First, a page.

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Smith & Wesson Model 29 - History and Beauty Shot

Here's a look at the famous (and gorgeous) Smith & Wesson Model 29.

Smith & Wesson Model 29 - History and Beauty Shot

I knew from the minute I left the theater on Pleasant Street that I would have one of the “world’s most powerful” handguns. I am referring, of course, to the famed “Dirty Harry” movie of 1971 where the Model 29 brought instant success to its maker.

But the story starts much earlier. In the early 1950s, gun writer Elmer Keith went to Smith & Wesson, urging it to build a gun strong enough to handle the heavy .44 Special loads he had developed for the S&W .44 Hand Ejector. His persistence paid off as Remington and Smith & Wesson got together to design the .44 Magnum.

The first production run of Hand Ejectors came in July 1954, and while the results were good, it was decided the gun should be heavier, with a new barrel diameter and a larger frame. Testing was completed in 1956, and the first .44 Magnum Model 29s made their debut.

Built on the N frame, the first Model 29s came in either four- or 6.5-inch barrels and in blue and nickel finishes. It was a big, heavy gun, checking in at 47 ounces with an overall length of 11.25 inches with the longer barrel.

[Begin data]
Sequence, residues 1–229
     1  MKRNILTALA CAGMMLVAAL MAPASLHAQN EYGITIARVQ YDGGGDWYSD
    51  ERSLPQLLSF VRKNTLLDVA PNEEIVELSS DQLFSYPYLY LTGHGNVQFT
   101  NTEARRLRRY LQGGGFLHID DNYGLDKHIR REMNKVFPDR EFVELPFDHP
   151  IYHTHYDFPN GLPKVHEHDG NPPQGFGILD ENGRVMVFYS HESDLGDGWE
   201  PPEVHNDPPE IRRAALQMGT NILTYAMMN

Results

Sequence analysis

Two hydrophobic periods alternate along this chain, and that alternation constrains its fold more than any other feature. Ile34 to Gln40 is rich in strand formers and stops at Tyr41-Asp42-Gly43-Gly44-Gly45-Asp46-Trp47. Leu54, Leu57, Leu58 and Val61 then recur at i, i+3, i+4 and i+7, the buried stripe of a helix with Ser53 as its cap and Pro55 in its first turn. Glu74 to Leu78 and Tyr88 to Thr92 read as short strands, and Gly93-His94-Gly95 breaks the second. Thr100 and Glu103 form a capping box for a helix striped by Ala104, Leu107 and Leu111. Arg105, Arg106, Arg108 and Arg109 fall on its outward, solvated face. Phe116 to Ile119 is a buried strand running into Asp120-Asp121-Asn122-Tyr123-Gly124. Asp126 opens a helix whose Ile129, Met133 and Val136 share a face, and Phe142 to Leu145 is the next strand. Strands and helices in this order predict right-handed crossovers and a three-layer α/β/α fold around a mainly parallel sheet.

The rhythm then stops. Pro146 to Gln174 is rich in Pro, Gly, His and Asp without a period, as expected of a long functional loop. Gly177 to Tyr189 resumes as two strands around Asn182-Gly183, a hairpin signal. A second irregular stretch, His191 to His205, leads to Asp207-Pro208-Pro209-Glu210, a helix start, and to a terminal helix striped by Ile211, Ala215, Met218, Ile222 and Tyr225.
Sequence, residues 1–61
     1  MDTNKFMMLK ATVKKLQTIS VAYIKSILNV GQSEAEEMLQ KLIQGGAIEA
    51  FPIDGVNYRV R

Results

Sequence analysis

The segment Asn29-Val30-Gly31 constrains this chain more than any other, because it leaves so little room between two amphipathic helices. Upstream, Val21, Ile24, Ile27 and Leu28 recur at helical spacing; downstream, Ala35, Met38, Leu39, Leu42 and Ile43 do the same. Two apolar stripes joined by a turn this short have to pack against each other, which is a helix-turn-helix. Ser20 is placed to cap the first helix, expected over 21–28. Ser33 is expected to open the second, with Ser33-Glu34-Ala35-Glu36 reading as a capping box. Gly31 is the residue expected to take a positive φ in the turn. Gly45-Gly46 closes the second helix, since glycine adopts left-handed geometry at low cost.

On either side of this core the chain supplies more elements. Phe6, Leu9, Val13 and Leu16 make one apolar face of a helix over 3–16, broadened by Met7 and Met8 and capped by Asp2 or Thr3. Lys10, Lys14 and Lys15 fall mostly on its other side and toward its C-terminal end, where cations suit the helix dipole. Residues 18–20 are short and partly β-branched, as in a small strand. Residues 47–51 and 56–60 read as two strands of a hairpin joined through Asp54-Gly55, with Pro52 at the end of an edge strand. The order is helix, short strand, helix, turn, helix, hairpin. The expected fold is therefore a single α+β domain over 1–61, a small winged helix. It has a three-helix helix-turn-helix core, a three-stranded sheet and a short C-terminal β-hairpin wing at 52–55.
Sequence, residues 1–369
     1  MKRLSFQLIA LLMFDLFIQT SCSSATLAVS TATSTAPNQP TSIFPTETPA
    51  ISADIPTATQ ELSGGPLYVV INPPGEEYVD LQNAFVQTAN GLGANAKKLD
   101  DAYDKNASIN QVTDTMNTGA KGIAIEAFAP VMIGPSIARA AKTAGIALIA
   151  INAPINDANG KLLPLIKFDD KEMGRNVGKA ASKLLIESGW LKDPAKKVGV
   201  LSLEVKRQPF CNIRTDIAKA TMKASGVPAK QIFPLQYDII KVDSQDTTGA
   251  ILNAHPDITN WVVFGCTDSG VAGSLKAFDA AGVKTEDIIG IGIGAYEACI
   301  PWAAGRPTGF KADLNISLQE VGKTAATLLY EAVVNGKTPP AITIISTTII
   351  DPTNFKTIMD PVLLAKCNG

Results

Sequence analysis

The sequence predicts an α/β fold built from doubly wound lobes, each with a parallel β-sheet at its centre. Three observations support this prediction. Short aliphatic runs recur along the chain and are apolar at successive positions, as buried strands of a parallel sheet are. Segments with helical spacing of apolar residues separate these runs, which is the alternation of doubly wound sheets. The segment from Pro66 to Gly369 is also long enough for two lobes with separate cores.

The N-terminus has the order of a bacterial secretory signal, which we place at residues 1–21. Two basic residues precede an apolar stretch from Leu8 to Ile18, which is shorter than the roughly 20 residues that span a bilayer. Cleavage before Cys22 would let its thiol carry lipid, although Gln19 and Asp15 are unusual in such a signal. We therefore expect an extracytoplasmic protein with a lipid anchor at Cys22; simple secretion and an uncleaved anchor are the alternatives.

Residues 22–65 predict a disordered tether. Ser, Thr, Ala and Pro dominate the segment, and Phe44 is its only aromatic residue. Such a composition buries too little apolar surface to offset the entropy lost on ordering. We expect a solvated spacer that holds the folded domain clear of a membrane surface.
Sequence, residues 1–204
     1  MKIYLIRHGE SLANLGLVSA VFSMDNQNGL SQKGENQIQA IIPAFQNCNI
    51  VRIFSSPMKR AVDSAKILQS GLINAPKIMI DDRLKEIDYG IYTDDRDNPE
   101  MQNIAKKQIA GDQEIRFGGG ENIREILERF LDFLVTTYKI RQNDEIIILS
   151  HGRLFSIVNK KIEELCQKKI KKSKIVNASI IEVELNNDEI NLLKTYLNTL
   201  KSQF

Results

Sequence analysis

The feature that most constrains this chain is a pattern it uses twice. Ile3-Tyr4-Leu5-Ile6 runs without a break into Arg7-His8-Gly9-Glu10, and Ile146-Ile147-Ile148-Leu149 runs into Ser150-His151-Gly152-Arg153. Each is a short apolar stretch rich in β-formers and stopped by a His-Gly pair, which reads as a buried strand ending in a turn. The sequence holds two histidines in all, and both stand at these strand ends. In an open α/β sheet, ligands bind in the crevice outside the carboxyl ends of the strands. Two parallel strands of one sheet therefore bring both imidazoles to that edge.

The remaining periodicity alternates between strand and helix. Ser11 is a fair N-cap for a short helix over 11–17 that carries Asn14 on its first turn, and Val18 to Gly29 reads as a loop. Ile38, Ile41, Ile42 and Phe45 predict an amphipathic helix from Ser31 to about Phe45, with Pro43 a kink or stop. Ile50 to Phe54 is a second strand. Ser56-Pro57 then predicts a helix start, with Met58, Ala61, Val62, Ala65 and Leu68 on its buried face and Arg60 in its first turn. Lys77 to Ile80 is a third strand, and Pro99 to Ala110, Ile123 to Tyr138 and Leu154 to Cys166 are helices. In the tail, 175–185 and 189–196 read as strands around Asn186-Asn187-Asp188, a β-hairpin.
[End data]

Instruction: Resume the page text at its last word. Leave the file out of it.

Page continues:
The target trigger was larger than usual and serrated for a smooth double-action pull while the hammer was modified and checkered for a non-slip surface. The rear sight was the S&W micrometer adjustable complete with a white outline. The front sight was a ramped affair and included a red insert.

The grips were oversize and for the most part were profiled in colorful Goncalo Alves wood, but grips in walnut or even rosewood were available checkered or plain. The gun initially was outfitted in a black presentation case with a satin lining. Later, the case was changed to a more pedestrian mahogany.

The gun pictured here is my first Model 29. It’s in mint condition, and I’ve never fired it. My second Model 29 has seen its share of use, and it also shows an early modification: To keep the extractor rod from backing out, the threads were changed to left-hand. The change is noted on the the extractor yoke as “-1”; further modifications of the gun resulted in higher dash numbers like -2, -3, -4 and so on.

Over the years, the Model 29 has been made in numerous variations in barrel length, finish, stainless steel and special editions to suit most of us. We also have seen non-fluted cylinders, heavy lug barrels and front sights that were adjustable on various hunting models. Now add the custom variations made by the Performance Center and you have enough Model 29s to fill a collector’s room to the brim. Thanks, Elmer Keith. You did a heck of a job.

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